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   RE: [xml-dev] Re: XML CMM and ISO9000 compliance? - was A standar d appr

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Awww, now, gee whiz..... doing a math proof can be as exciting and 
exhilarating as any other form of discovery, and doing so first can save 
one many stubbed toes, later.

After all, Codd's proofs led the way, as did Knuth's, and were not derived 
from  existing advanced art but from theory and science. While it probably 
goes both ways, some proofs coming from experience and others derived 
purely from theory. saying that waiting on proofs makes me a cave man who 
is frightened of tomorrow is just personal.

Which is something I will not respond to, :), other than to say that if 
Curie had done the math, used the full scientific method, waited for 
results and included advancements from other scientists, maybe she would 
not have died of radiation poisoning.


At 10:07 AM 8/25/2003 -0500, Bullard, Claude L (Len) wrote:
>It should be noted that this water cooler list has
>produced best practices at times.  Of particular
>interest is Roger Costello's leadership as evidenced
>by www.xfront.com  .
>His technique has been straightforward.  From time
>to time, he asks a question or series of questions
>on a topic.  Interested parties with relevant experience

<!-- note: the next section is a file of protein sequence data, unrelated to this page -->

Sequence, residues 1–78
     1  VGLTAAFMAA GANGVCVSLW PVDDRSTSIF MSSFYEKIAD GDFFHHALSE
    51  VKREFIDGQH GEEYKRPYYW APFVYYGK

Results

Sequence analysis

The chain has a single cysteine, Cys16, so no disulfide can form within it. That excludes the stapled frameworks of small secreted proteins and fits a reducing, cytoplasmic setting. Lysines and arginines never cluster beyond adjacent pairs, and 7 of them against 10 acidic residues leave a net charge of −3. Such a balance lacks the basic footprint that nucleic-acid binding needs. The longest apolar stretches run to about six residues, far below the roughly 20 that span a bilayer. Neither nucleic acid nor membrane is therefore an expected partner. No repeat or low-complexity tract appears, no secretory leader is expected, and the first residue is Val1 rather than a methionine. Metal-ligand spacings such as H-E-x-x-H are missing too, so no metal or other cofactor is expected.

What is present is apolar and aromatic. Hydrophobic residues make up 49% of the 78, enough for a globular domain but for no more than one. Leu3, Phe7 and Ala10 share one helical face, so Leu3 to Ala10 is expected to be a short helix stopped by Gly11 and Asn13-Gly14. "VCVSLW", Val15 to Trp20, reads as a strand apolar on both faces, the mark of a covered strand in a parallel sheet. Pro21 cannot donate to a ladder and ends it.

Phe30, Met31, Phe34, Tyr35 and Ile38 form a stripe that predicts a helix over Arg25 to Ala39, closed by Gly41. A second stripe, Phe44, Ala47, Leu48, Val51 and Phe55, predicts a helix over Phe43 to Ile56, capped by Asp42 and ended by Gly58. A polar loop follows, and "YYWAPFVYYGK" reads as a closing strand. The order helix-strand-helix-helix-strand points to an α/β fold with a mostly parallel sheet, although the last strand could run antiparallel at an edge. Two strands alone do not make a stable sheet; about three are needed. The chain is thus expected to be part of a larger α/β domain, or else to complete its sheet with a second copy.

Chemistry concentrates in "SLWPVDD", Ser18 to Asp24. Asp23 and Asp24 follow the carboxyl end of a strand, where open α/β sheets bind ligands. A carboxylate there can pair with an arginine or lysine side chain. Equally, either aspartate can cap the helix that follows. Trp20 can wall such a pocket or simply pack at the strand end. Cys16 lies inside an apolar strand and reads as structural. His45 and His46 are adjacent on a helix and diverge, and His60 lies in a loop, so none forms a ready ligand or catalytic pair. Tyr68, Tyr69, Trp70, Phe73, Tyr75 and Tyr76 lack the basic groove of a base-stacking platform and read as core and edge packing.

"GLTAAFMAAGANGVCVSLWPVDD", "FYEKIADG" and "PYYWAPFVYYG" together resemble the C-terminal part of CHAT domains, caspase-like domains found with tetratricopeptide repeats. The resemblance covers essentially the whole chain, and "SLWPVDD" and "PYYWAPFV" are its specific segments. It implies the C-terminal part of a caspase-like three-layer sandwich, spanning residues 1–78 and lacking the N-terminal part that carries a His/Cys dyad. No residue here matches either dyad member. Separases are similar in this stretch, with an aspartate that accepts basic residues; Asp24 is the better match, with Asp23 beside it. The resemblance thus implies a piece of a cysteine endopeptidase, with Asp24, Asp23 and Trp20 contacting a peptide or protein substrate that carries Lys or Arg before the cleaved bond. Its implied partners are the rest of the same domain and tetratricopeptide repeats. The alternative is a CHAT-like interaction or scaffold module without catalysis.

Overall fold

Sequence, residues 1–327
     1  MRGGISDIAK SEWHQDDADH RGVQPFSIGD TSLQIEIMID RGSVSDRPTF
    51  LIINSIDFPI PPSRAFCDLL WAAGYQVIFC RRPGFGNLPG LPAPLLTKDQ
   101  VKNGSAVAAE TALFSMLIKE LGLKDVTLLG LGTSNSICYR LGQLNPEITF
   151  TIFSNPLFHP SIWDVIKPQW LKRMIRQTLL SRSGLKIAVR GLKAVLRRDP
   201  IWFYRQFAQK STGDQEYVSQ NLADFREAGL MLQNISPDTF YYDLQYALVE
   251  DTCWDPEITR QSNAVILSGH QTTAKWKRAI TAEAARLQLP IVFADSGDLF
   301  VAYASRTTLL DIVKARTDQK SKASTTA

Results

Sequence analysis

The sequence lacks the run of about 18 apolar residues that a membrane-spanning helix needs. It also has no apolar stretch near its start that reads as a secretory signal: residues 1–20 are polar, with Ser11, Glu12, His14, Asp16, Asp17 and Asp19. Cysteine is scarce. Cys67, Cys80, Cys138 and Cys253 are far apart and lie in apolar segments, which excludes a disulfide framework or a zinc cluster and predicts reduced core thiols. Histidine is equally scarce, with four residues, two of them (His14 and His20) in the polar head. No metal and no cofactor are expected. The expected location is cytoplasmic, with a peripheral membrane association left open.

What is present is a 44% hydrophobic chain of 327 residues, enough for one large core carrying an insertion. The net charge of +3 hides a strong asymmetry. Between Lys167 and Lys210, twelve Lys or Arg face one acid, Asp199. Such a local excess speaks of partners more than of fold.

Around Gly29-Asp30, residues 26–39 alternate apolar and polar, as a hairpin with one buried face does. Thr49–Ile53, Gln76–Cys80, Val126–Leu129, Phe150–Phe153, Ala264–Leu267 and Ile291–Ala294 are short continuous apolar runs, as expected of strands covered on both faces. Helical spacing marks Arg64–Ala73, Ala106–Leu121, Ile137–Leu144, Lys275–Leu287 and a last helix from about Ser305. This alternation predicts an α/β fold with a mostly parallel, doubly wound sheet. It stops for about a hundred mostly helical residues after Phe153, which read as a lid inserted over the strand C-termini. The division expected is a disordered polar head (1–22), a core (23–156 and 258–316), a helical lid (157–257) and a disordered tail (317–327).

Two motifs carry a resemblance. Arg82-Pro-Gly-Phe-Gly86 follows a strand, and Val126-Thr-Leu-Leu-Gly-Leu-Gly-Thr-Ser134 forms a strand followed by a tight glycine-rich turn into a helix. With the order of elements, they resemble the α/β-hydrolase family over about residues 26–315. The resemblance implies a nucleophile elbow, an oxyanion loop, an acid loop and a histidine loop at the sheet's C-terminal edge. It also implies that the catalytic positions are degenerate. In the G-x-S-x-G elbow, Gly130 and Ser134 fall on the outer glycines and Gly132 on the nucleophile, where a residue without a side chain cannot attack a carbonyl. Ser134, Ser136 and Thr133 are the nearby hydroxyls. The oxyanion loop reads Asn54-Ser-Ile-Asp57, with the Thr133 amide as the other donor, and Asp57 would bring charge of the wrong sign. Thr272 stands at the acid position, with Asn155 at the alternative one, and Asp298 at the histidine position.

>answer.  One might consider that anecdotal except that
>each answer published on this list is usually met with
>critique either from Roger or from other members, or all.
>Roger sorts these out and responds eventually with a
>synthesized and winnowed presentation.  Xfront, as a
>result, has become an excellent resource with examples
>vetted by experience.
>Mathematical proofs and elegance have their place.  So
>does experience and distillation.  This may someday prompt
>a mathematical investigation of why these practices work,
>and that investigation may uncover even deeper principles.
>These will be codified, studied, and taught.  They might
>even improve the working systems.  Time will tell.
>Markup systems emerged from the publishing communities made
>up of editors, typesetters, print system manufacturers,
>publishers and even some lawyers and computer scientists.
>Now, it is clearly in the hands of and under the control
>of the computer scientists.  Make of it what you can but
>keep in mind that those from whom it originates were solving
>specific problems and generalizing from these, not creating
>mathematical edifices.  Between the pragmatic and the elegant,
>there is a wealth of applications to be built and those that
>build find the proofs they need in the running code and
>their stubbed toes.
>That is why it's called the 'bleeding' edge.  If one needs
>proofs first, one is frightened of tomorrow instead of
>excited by the prospect of discovery.  Prudence, not prudish.
>From: Rick Marshall [mailto:rjm@zenucom.com]
>that's why there's conservative people and risk taking people and bits
>in between. you may have to wait until it's proven best practice - rdbms
>technology took at least 15 years to be accepted as such, and to a large
>extent i think that what was delivered was proven best brochures and
>proven tier one suppliers - neither has a lot to do with proven best
>technology - but this approach meets all sorts of contractual
>i guess i'm lucky in having a number of clients who have a different
>approach and encourage use of sometimes experimental techniques to try
>and get a business advantage.
>in 10 years or so the experience of early adopters will provide the
>proven technology you need for more conservative projects.
>it's all part of our complex business :)
>The xml-dev list is sponsored by XML.org <http://www.xml.org>, an
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